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Markets and Investment

Market Power:
We have shown that traditional indicators of oligopoly and market power are inapplicable to electricity markets. We developed a game-theoretic model of generators bidding their supply in uniform price auctions. In California, as few as three firms could have jointly set the market price of power more than 90% of the time in 2000. The PJM and New York systems appear to have much more competitive market structures.
Contact: Dmitri Perekhodstev, Seth Blumsack, Lester Lave

Autonomous Agents that Learn in Power Markets:
We have developed a Java-based simulation facility modeling a distributed environment with different clearing mechanisms and different learning algorithms. We find that even “dumb” agents drive the market to monopolistic pricing in a few auctions. We study software agents as traders, including learning, strategies, demand response, and tests for market failures.
Contact: Kong-Wei Lye, Sarosh Talukdar

Transmission Investment Incentives:
We have argued that Locational Marginal Pricing (LMP) does not provide proper incentives for transmission investment, although LMPs do provide incentives to not wheel power over the most congested lines. Instead of relying on LMPs alone, we find that a two-part tariff for transmission, with a megawatt-hour-mile charge and an LMP charge provides more optimum incentives.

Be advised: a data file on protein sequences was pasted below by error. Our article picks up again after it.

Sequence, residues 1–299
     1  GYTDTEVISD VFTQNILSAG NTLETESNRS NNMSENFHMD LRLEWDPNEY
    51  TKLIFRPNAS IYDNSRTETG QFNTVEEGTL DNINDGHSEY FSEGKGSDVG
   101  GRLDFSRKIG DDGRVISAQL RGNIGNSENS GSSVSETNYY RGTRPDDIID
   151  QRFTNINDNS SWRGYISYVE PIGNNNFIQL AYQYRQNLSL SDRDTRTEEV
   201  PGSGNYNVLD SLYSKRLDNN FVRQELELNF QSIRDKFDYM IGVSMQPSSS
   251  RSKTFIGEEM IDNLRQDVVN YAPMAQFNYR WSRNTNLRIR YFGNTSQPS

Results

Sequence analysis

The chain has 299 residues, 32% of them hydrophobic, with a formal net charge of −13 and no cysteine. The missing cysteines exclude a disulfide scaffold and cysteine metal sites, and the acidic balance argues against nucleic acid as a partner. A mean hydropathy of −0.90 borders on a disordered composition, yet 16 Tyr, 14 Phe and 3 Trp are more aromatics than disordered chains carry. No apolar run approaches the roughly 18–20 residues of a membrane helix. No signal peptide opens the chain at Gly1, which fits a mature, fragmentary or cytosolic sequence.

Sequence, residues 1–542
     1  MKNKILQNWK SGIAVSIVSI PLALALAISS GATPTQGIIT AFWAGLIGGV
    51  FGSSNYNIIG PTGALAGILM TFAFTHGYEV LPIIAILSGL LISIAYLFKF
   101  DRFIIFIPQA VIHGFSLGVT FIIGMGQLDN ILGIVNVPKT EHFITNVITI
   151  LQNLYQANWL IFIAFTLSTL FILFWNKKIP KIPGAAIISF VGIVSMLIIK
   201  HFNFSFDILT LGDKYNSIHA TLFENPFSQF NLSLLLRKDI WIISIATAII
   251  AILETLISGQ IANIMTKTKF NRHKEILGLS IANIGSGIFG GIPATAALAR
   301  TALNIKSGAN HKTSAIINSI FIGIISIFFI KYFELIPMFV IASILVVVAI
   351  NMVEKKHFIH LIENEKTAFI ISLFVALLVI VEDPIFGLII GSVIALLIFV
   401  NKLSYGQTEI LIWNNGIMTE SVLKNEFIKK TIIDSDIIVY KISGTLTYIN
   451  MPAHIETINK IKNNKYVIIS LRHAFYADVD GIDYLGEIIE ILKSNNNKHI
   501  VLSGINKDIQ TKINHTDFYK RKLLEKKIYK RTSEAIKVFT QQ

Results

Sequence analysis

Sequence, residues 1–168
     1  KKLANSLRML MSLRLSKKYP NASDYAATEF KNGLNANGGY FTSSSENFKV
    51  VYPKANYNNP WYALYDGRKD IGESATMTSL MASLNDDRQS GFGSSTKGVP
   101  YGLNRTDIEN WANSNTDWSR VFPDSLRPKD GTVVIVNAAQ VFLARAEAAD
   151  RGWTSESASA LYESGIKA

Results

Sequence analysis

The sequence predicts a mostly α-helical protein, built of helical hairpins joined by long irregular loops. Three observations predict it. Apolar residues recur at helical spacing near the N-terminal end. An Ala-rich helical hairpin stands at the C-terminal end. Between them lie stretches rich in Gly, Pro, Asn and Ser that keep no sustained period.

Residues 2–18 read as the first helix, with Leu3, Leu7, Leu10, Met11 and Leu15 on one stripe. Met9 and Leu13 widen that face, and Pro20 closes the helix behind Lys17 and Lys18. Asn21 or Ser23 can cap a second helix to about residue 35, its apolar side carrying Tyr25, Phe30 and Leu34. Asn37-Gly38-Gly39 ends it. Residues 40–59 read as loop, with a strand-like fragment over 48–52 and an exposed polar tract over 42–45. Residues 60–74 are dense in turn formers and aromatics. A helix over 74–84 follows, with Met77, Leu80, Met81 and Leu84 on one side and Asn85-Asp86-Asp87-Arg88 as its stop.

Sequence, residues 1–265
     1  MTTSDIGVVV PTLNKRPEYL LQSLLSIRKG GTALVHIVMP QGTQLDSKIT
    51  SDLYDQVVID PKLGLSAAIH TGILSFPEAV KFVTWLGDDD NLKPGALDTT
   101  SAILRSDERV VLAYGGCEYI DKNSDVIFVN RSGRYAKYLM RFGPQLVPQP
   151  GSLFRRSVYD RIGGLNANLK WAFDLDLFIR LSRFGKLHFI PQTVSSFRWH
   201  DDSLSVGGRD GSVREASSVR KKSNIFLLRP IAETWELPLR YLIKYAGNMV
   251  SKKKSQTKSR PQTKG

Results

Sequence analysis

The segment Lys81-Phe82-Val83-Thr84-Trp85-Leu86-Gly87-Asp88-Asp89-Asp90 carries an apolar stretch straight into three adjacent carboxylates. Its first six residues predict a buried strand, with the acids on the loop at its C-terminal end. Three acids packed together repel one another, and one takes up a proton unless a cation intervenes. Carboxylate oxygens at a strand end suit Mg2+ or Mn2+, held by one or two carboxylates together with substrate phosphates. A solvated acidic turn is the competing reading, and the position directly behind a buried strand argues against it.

Contact: Lester Lave, Jay Apt, Dmitri Perekhodstev

Valuation of Ancillary Services:
We show that the value of ancillary services from hydro facilities can be quantified and is substantial, and we have developed a method of setting internal pricing for ancillary services.
Contact: Dmitri Perekhodstev, Lester Lave

Generation Portfolio Optimization:
We have developed a decision support framework for strategic investment decision-making for generation assets based on efficient frontier portfolio theory.
Contact: Jon Mayes, David Rode, Paul Fischbeck, Jay Apt, Lester Lave

Risk Analysis and Electricity Project Capital Structures:
We have shown that the ability to tie operational risks (such as fuel prices, maintenance expenses, regulatory compliance costs, etc.) directly to impacts on capital structure provides a unifying mechanism for understanding firm value and provides insight into areas in which nonintuitive negative consequences may arise from well-intentioned actions.
Contact: David Rode, Paul Lewis, Paul Fischbeck

Monte Carlo Methods for Appraisal and Valuation as applied to Nuclear Power Plants:
For large-scale, technically unique projects, such as chemical and power plants, and old industrial practices, the four standard appraisal methods are insufficient. To include political, technical, and economic risks in an appraisal, we have developed a Monte Carlo simulation method. Probability distributions are used to model the appropriate uncertainty. The use of Monte Carlo methods and the modeling of future decisions decreased the worth of a nuclear generation plant by 28% as compared to a standard income capitalization method.
Contact: David Rode, Paul Fischbeck, Steven Dean

Risk Management in Electricity Markets:
We examine risk management for power suppliers, bidding strategies of power suppliers with the application of game theory, analysis of markets power, and evaluation of alternative market models ranging from totally centralized dispatch to decentralized bidding. We have constructed complex dynamic models of the electric power system in a restructured environment based upon the principles of control theory, and having information, technical, and policy loops. The control system uses performance metrics as inputs, and disturbances are introduced into the system.
Contact: Zhiyoung Wu, Marija Ilic

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